Obama Takes to the Road

President tours the Midwest to promote his economic agenda.

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President Obama hits the road today in what his aides bill as something of a comeback tour.

White House officials have high hopes that his bus trip through the Midwest will show that he cares about everyday people, demonstrate that he hasn't been captured by special interests in Washington and renew confidence in his leadership. Obama has endured an extended period of bad news in recent weeks, such as a long-term slide in the stock market, the downgrading of the government's credit rating, escalating casualties in the Afghanistan war and declining job-approval ratings in the polls. His aides say Obama is eager to get out of Washington and "re-connect" with Middle America.

White House advisers say Obama shares the American public's deep concern about the economy but he has been unable to communicate his feelings effectively because he has been tied up in Washington dealing with the debt crisis and budget negotiations. Now that's about to change. [Read more about the 2012 presidential election.]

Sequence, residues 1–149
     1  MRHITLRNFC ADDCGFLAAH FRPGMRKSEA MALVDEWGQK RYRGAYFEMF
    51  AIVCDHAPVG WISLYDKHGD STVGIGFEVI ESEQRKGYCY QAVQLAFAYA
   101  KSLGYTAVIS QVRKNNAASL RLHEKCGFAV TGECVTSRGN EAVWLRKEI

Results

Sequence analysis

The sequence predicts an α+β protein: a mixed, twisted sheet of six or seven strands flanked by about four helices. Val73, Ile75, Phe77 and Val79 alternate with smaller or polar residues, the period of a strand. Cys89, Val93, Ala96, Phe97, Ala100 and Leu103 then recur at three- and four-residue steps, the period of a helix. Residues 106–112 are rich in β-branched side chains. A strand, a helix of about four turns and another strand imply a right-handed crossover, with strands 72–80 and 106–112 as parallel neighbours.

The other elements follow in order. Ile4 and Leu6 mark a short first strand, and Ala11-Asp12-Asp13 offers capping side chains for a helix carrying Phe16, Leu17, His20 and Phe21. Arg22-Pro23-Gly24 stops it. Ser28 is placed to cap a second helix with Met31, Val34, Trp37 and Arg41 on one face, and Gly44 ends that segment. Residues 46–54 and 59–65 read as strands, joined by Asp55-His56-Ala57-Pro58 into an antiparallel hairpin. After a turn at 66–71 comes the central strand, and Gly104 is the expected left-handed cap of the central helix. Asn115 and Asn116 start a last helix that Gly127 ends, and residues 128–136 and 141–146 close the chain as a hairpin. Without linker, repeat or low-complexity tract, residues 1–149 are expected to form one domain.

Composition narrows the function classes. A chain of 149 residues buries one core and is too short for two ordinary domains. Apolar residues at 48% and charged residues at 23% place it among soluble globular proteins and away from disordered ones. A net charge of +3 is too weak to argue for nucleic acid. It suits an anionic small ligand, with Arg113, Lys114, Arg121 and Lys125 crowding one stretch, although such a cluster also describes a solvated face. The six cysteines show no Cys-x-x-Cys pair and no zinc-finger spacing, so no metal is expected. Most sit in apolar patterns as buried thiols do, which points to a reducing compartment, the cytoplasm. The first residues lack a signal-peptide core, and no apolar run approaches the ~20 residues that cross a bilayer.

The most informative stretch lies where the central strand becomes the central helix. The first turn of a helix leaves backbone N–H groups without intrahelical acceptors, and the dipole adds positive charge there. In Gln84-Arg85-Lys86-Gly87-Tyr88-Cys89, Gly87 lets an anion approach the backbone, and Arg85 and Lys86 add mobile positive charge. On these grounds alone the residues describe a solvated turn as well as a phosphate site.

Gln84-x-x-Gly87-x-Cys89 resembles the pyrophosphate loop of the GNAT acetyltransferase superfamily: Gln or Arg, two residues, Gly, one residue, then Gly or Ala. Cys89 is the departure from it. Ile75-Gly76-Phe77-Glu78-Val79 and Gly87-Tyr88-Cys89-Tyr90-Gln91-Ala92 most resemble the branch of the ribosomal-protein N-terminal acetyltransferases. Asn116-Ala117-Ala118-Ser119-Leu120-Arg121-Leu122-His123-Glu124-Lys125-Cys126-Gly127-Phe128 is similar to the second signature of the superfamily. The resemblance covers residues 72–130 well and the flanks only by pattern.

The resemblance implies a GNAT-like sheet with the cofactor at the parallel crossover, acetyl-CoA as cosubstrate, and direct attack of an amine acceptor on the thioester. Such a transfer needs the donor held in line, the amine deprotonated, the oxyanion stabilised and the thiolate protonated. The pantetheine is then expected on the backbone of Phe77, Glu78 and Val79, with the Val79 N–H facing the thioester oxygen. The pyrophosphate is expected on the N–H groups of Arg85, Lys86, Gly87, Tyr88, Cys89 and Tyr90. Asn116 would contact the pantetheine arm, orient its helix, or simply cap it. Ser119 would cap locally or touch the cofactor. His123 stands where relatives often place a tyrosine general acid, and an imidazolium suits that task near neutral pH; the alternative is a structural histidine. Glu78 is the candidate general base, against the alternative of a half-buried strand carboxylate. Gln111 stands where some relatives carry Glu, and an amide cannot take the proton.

"There's a benefit to giving a speech in a suit in front of this big white building but there's also a benefit to getting out of Washington and talking to people on Main Street," a key White House official told me. Even a couple of day trips, such as one to Michigan last week, don't give the president the opportunity to meet as many everyday people as he wants. So, starting today, he will spend three days on a bus trip through cities and towns in Minnesota, Iowa and Illinois. His schedule includes town-hall meetings, chats with people at diners and other eateries, visits to small businesses and other events that enable him to meet people face to face. Then he is tentatively scheduled to go on vacation Thursday at Martha's Vineyard, a resort island off the coast of Massachusetts.

 "The American people have been anxious about the economy for the last few years," the White House official says. "The president knows it's what people have been talking about on street corners, at diners and at their dinner tables….He loves to get out of Washington. He talks a lot about the challenge of getting outside the bubble and he's always looking for new ways to do that." [Check out editorial cartoons about the economy.]

Taxpayers will pay for the trip, rather than Obama's re-election campaign. A White House spokesman said the trip is part of his official duties as he seeks to keep in touch with the country.

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